When I speak with candidates who are either leaving government roles or actively looking for a new role, I am often asked what programs or courses related to cybersecurity they could take to improve their marketability. A one-size-fits-all answer is a challenge because the operational knowledge needed by someone charged with cybersecurity is similarly broad and complex as the various accountabilities of non-technology security risk roles.

The concept of convergence of both roles whereby a single point of accountability leads the strategy and governance for all security risk initiatives can be an effective approach. While the idea has been out there for quite a while, it is still not widely utilized. There are, however, numerous examples of interdependencies that indicate a need to understand the points of vulnerabilities to best provide a cohesive, coordinated effort to limit and/or mitigate security related risks.

Candidates should gain an understanding of all elements that make up the role of a cybersecurity program leader. If they are considering a career development strategy, they can then decide the path they feel is the best personal fit. There are numerous programs and certifications available that range from an executive overview of cybersecurity to those in which you achieve deep technical competencies.

Cybersecurity functional domains can be broadly categorized in eight areas:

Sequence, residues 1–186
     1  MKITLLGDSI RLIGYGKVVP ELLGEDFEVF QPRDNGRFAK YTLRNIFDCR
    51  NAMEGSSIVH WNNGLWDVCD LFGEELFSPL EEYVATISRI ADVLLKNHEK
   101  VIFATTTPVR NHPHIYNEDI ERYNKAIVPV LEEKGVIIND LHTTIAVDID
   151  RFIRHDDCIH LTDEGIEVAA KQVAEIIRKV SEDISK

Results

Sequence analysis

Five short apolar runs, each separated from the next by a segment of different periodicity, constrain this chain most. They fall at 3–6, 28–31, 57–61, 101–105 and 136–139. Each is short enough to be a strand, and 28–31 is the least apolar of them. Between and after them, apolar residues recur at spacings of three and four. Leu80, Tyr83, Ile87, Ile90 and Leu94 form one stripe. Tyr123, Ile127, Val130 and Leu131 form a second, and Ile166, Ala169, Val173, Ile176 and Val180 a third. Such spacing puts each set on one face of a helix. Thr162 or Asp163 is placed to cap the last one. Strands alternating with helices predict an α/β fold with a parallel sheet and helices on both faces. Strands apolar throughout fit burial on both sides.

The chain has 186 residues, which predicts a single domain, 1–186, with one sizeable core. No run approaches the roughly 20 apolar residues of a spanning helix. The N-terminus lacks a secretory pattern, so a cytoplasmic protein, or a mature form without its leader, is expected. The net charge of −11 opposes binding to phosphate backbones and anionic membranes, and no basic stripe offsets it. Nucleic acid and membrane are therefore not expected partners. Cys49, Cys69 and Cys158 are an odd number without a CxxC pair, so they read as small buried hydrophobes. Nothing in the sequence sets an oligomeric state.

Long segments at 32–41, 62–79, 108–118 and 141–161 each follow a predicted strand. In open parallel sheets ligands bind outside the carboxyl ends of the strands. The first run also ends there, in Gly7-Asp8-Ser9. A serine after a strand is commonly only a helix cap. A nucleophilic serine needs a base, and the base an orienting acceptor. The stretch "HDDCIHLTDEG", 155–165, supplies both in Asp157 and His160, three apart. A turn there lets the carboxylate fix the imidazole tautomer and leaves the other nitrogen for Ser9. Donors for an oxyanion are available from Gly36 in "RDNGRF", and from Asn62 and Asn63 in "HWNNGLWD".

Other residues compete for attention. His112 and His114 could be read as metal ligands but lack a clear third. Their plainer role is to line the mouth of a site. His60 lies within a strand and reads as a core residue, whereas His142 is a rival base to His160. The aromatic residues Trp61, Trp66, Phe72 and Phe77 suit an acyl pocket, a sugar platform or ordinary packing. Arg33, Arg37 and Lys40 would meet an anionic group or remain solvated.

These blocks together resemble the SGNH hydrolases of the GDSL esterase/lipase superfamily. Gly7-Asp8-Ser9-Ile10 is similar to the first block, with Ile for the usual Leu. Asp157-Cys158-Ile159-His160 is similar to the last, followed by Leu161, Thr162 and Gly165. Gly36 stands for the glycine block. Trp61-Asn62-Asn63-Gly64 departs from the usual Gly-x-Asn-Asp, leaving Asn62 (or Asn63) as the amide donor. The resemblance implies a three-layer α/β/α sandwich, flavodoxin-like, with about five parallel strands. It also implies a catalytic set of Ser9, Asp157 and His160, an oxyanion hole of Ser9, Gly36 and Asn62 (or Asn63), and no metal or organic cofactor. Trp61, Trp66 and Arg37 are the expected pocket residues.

1. Emerging Technologies and Market Trends
  2. Identity and Access Management
  3. Incident and Crisis Management
  4. Information and Privacy Protection
  5. Risk and Compliance Management
  6. Security Architecture
  7. Organizational Resiliency Programs & Assessments
  8. Threat, Intelligence and Vulnerability Management

There are numerous subsets, programs and processes that a CISO has responsibility to develop and execute. Current “Mind Map” models reflect those key topic areas of cybersecurity involvement as:

1. Business Enablement

  • Mergers/Acquisitions
  • Cloud Computing
  • Mobile Technology

2. Selling Programs to Align with Corporate Objectives

3. Governance

4. Security Operations

  • Threat Prevention
  • Threat Detection
  • Incident Management

5. Project Delivery Lifecycle

6. Identity Management

7. Budget

8. Security Architecture

9. Compliance & Audits

10. Legal and Human Resources

11. Risk Management

It is apparent from these top-level overviews that the answer of where to expand your knowledge of cybersecurity to become more marketable in a traditional CSO role has many facets. Like many areas within security management, the level of risks and categories of security issues facing organizations is variable and diverse. The culture, structure and approach implemented by companies to address their various areas of security-related risks also drive their priorities, as does whether these various functions are working cohesively or operating as separate units or geographic silos.

There is not a commonly used “best practice” organizational model of how the cyber and non-cybersecurity risk programs mesh within the enterprise security profession. My observations are that the alignments are constantly changing, and the structure of accountabilities is very fluid. This adds to the dilemma and frustration of those entering the profession and those seeking continued education. Perhaps the best approach is to pick those areas of study that you have a passion for then seek out companies whose culture, vision and expectations are aligned with yours.